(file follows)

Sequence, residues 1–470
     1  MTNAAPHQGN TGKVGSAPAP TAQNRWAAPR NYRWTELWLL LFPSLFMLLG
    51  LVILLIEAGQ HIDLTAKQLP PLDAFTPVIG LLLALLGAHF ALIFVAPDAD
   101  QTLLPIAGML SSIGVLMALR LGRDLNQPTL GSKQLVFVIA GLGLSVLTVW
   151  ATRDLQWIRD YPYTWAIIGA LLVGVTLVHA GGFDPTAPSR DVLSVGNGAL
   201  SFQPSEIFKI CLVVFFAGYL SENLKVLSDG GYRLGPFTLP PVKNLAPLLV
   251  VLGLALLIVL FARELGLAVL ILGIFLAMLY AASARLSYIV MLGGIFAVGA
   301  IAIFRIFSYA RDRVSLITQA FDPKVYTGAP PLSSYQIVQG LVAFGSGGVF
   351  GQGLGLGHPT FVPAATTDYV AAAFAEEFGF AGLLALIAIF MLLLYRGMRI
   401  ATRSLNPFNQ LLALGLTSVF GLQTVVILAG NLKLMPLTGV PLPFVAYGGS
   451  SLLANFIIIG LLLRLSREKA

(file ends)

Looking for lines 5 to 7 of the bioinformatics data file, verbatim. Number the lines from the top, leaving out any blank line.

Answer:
   151  ATRDLQWIRD YPYTWAIIGA LLVGVTLVHA GGFDPTAPSR DVLSVGNGAL
   201  SFQPSEIFKI CLVVFFAGYL SENLKVLSDG GYRLGPFTLP PVKNLAPLLV
   251  VLGLALLIVL FARELGLAVL ILGIFLAMLY AASARLSYIV MLGGIFAVGA